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Information about all aspects of finances affected by a serious health condition. Includes income sources such as work, investments, and private and government disability programs, and expenses such as medical bills, and how to deal with financial problems.
Information about all aspects of health care from choosing a doctor and treatment, staying safe in a hospital, to end of life care. Includes how to obtain, choose and maximize health insurance policies.
Answers to your practical questions such as how to travel safely despite your health condition, how to avoid getting infected by a pet, and what to say or not say to an insurance company.

Children 101

Having Or Adopting Children In The Future

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If you are considering adopting children, because of federal law, the adoption agency cannot consider your health condition. For information about adopting a child, click here.

If you are considering having children

Before you agree to a treatment which may prevent you from having children, speak with your doctor about freezing eggs if you are a woman, or banking sperm if you are a man.

Conception can also occur with a sperm donation from a known donor or sperm bank.  For information about preserving your ability to have a child, click here.

HIV:  Inception

  • Unprotected sex is discouraged for a person is HIV positive. However, assisted reproductive technologies can permit pregnancy while minimizing the risk of HIV being transmitted to the uninfected partner. This can occur either through intrauterine insemination (in the uterus) or in vitro (in a test tube).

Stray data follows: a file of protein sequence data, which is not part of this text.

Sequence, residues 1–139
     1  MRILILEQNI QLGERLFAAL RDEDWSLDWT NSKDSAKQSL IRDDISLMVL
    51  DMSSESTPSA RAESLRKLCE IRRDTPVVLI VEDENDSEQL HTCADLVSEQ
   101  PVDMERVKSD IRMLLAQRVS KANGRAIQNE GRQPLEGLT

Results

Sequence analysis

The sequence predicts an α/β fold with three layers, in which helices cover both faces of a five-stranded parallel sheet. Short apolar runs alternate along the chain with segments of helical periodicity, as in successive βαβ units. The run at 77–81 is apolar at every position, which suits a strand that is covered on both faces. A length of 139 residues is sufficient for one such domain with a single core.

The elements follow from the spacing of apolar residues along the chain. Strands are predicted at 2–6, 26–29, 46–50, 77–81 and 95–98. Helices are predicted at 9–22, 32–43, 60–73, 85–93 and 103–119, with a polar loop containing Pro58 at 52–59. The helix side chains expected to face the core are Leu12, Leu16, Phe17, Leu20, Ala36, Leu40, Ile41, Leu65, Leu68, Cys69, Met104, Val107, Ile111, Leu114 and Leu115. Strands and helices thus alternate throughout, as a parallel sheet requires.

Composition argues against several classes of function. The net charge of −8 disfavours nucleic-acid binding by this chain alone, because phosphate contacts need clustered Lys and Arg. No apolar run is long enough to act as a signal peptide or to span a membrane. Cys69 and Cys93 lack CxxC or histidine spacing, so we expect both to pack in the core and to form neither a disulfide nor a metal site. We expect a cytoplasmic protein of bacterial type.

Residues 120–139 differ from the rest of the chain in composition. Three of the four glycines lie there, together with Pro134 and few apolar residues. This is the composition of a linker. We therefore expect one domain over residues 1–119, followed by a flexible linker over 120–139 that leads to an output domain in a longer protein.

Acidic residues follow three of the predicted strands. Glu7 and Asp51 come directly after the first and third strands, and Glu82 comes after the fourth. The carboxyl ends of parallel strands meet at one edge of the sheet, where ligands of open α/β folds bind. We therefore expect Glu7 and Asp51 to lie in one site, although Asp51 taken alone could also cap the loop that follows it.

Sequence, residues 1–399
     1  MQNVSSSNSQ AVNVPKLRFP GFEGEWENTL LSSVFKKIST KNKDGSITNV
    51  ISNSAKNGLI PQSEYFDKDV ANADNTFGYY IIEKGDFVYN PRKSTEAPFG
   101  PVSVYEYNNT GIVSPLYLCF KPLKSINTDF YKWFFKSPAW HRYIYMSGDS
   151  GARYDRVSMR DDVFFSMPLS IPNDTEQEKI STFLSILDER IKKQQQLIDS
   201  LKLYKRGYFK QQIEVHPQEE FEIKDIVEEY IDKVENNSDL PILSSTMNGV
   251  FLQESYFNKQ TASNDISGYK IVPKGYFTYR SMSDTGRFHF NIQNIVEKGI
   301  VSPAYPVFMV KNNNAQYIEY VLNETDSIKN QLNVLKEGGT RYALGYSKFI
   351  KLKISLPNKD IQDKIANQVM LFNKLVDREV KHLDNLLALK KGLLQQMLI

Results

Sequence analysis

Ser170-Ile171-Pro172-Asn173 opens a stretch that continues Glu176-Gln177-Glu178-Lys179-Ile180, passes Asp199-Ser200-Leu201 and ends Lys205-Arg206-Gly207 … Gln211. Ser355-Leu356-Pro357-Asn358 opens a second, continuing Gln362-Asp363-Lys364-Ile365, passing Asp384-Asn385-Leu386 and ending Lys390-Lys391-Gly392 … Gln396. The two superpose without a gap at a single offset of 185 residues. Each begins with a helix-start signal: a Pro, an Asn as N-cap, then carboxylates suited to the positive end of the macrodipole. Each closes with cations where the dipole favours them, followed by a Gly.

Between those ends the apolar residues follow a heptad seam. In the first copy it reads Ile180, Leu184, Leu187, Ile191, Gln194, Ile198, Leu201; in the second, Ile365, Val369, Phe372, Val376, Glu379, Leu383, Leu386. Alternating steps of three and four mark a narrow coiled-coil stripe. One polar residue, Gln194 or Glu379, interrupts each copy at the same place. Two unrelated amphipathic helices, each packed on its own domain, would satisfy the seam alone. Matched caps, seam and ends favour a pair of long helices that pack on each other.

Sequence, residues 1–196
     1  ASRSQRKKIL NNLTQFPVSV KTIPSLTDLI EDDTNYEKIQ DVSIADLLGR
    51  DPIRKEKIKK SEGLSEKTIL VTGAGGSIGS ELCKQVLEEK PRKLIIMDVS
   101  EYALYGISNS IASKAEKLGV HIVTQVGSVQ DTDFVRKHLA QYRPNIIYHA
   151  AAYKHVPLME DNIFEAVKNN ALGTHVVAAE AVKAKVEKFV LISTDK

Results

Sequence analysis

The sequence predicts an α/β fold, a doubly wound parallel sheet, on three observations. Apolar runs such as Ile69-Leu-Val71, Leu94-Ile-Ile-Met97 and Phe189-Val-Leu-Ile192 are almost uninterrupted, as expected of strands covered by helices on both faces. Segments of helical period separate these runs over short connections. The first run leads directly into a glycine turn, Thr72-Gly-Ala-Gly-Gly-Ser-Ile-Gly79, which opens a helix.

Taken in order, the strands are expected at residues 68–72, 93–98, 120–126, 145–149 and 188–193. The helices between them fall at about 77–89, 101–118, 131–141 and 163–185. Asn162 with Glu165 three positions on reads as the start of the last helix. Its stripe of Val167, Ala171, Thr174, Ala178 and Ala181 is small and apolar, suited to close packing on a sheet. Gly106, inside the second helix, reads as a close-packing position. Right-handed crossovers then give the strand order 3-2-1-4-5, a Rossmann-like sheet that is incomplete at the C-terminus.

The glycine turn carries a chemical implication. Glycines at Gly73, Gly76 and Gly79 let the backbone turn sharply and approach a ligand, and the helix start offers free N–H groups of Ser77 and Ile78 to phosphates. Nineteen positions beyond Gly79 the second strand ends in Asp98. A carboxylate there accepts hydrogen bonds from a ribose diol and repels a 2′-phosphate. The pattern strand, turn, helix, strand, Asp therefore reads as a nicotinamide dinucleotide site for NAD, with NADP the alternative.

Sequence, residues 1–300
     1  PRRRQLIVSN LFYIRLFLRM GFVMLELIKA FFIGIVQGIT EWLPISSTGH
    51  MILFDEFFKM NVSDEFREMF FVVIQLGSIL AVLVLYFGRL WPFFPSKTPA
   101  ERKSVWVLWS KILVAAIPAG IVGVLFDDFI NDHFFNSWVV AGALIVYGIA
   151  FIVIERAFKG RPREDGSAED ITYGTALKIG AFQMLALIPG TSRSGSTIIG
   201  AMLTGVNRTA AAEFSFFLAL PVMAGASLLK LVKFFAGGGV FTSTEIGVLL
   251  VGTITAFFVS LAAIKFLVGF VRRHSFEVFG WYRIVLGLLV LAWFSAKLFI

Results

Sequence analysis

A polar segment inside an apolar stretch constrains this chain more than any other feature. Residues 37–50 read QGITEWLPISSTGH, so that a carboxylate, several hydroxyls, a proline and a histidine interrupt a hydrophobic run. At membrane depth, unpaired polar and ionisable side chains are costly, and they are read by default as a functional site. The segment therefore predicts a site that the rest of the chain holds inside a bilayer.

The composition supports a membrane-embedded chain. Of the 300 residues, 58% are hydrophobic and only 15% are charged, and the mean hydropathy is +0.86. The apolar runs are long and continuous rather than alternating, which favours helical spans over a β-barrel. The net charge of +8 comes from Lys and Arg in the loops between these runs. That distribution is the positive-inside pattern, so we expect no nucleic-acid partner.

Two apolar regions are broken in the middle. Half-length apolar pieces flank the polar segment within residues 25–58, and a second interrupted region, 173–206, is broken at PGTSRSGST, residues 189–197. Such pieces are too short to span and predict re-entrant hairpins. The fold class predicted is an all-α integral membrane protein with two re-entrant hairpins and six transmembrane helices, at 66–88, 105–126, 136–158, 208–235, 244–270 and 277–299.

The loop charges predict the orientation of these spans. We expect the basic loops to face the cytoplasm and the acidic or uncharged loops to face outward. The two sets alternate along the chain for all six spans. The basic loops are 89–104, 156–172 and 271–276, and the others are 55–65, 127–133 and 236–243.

• If it is the male who is HIV positive, the sperm is isolated from the semen and "washed" -- a procedure that is done in a laboratory (not at home). Sperm does not carry HIV. Semen does.
  • Alternatively, positive-negative couples may have a low-risk, lower-cost choice that should only be attempted under the supervision of a doctor who specializes in treatment of people with HIV. A doctor in Switzerland (Dr. Pietro Vernazza) counseled 22 couples. The men took HIV medications until their viral load was undetectable for three months. Their semen was then tested for HIV, and the women for fertility. When both HIV-free semen and female fertility occurred at the same time, the women were prescribed several doses of a pre-exposure prophylaxis. 70% of the women became pregnant. None of then got HIV. 
  • HIV: Transmission To A Child  HIV can be transmitted to a child in the uterus or after birth through breast feeding. The risk ot transmitting HIV to an unborn child from an HIV positive mother can be substantially reduced by using AZT and possibly other drugs. In one study, the risk was reduced to 1.5% of those women who received antiretroviral treatment and appropriate care during their pregnancy. According to the Public Health Service Task Force report in November 2007, combination antiviral regimens are more effective than single-drug regimens in reducing transmission.
  • The Task Force encourages using alternatives to breast feeding. The Task Force report is available at: offsite link

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